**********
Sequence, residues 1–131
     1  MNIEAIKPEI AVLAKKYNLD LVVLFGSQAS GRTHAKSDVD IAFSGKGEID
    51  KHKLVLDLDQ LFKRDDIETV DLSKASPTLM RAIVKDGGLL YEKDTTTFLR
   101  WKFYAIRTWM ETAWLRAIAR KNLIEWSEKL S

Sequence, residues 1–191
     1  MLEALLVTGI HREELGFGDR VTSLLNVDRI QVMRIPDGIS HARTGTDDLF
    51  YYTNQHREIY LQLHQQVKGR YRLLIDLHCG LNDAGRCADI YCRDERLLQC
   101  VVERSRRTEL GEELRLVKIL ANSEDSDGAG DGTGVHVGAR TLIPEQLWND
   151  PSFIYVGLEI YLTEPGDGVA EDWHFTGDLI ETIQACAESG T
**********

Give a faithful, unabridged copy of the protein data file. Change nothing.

Sequence, residues 1–131
     1  MNIEAIKPEI AVLAKKYNLD LVVLFGSQAS GRTHAKSDVD IAFSGKGEID
    51  KHKLVLDLDQ LFKRDDIETV DLSKASPTLM RAIVKDGGLL YEKDTTTFLR
   101  WKFYAIRTWM ETAWLRAIAR KNLIEWSEKL S

Sequence, residues 1–191
     1  MLEALLVTGI HREELGFGDR VTSLLNVDRI QVMRIPDGIS HARTGTDDLF
    51  YYTNQHREIY LQLHQQVKGR YRLLIDLHCG LNDAGRCADI YCRDERLLQC
   101  VVERSRRTEL GEELRLVKIL ANSEDSDGAG DGTGVHVGAR TLIPEQLWND
   151  PSFIYVGLEI YLTEPGDGVA EDWHFTGDLI ETIQACAESG T